Sunday, August 28, 2016

Do Management Fees Open Door for PEU Liability?

Despite hold harmless agreements on paper and corporate shells set up to insulate liability, it is logical that a private equity underwriter (PEU) could be held accountable for management decisions it makes on behalf of its affiliate.  PEUs generally charge their company millions in annual management fees.  Take casino giant Caesar's, owned by PEUs Apollo Global and TPG. 

An acquired company pays its private equity owners an annual sum for ongoing management and advisory services. You might have heard about these recently in the context of troubled casino company Caesar’s Entertainment CZR , which each year pays nearly $30 million to its private equity owners — Apollo Global Management APO and TPG Capital — despite annual losses north of $1.4 billion (Caesar’s could have killed the arrangement during last year’s IPO, but it would have been forced to pay $195 million the privilege).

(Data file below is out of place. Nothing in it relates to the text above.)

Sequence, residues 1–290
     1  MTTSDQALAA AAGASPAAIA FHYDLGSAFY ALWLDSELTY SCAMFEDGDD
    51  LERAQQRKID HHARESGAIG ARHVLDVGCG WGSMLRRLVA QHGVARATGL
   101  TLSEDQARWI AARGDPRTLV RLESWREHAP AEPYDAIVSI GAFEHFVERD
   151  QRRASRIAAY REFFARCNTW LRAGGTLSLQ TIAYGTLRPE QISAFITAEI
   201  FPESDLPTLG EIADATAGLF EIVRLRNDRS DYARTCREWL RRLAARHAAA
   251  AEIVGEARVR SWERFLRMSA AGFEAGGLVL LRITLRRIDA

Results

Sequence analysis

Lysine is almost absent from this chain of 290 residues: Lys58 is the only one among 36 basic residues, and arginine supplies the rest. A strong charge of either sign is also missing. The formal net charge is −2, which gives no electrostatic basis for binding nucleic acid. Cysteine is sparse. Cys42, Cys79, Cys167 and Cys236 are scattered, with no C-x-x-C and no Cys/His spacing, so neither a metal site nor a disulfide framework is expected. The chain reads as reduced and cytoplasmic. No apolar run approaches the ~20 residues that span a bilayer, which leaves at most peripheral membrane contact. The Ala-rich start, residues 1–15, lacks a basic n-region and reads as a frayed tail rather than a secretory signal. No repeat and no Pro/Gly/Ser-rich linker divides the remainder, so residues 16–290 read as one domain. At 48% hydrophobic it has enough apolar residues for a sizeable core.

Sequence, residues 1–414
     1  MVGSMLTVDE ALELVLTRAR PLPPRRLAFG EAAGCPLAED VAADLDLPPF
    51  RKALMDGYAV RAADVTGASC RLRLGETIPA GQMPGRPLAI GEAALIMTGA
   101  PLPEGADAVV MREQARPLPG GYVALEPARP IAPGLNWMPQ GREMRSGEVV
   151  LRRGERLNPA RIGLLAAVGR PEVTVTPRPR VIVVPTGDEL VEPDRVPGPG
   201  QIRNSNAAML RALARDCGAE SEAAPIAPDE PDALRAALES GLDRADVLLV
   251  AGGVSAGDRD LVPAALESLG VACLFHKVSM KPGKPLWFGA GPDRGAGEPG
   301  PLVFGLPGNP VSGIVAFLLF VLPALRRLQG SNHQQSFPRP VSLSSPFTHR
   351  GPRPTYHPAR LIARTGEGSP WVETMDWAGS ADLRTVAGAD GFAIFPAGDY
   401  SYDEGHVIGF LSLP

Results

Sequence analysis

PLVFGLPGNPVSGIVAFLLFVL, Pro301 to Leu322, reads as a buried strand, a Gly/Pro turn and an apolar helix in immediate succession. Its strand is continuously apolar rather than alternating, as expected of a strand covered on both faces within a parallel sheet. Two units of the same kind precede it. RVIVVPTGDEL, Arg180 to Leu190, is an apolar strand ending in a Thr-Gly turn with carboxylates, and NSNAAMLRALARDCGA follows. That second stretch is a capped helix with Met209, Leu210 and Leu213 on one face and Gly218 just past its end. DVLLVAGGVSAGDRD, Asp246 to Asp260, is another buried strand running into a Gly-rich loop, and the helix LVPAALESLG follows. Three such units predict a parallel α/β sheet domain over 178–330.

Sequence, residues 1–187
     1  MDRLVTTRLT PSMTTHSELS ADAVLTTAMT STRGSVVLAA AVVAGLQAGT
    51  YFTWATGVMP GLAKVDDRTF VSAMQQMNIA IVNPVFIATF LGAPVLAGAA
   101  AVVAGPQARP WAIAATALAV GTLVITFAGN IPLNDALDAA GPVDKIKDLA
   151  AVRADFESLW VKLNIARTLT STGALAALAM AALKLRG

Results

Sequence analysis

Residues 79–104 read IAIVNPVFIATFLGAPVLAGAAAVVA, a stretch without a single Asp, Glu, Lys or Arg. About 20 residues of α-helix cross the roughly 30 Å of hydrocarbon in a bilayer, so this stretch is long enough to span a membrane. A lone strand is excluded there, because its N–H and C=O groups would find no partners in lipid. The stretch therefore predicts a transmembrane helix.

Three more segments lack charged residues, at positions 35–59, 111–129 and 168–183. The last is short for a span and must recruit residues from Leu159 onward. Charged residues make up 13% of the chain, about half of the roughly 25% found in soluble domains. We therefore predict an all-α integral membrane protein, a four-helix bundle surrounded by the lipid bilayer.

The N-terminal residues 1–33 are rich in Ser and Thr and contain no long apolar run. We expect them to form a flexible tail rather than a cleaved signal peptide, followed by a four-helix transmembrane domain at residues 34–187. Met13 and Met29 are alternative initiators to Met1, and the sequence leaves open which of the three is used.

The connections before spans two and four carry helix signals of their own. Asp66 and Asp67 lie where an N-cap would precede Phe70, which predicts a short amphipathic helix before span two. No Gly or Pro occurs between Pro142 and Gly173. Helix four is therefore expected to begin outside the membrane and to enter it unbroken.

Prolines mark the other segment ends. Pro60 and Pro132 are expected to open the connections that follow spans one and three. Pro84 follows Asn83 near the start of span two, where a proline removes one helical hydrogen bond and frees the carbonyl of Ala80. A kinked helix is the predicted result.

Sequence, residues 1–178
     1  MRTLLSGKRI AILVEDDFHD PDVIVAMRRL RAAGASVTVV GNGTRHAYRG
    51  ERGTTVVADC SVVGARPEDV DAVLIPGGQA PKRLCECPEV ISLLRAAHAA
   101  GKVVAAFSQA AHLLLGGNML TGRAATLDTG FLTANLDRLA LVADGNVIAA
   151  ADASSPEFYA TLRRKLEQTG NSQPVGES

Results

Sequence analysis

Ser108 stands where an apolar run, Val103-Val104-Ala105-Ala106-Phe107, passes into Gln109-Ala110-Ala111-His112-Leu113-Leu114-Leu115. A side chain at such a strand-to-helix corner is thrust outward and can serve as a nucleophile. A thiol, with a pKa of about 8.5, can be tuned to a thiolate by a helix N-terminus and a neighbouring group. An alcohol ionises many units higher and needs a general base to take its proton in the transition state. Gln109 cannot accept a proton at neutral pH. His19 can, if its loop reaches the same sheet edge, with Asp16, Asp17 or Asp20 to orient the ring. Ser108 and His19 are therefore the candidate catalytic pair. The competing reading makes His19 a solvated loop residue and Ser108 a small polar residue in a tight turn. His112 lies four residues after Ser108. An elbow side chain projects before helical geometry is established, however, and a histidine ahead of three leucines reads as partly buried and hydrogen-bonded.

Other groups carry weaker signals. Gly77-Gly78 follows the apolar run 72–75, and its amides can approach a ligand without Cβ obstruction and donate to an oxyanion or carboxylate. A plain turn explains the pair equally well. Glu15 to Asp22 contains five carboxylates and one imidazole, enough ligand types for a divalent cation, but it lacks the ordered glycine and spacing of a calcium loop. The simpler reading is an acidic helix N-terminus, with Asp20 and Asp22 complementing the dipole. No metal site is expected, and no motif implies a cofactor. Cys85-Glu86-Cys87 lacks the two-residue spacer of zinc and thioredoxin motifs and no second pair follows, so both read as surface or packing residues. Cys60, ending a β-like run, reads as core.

That's on top of the transaction fee charged by PEUs when they consummate the deal.

When they took Harrah’s (now Caesar's) private, TPG and Apollo collected a $200 million “transaction fee” for the deal, split evenly between the two companies.
Caesar bondholders sued the operating company and just received the right to sue the next shell up, Caesar's Entertainment Corp..   Courts have not granted the right to sue Apollo Global or TPG directly.

Caesar's organizational structure is shown in their annual 10-K filing.  The list of Caesar's subsidiaries is five and a half pages long.

Here's what the 10-K said about the bankruptcy:

As a result of CEOC’s highly-leveraged capital structure and the general decline in its gaming results since 2007, on January 15, 2015, CEOC and certain of its U.S. subsidiaries (collectively, the “Debtors”) voluntarily filed for reorganization under Chapter 11 of the Bankruptcy Code in the Bankruptcy Court. Because CEOC is under the control of the Bankruptcy Court, CEC deconsolidated this subsidiary effective January 15, 2015 
And who set up CEOC's highly leveraged capital structure?   That would be Apollo Global and TPG. 

CEOC bondholder's are one step closer to Caesar's sponsors given their right to sue Caesar's Entertainment. I'd love to see the day when PEU sponsors have to defend their actions in court for their decimation and looting.  Maybe one day they'll have to pay.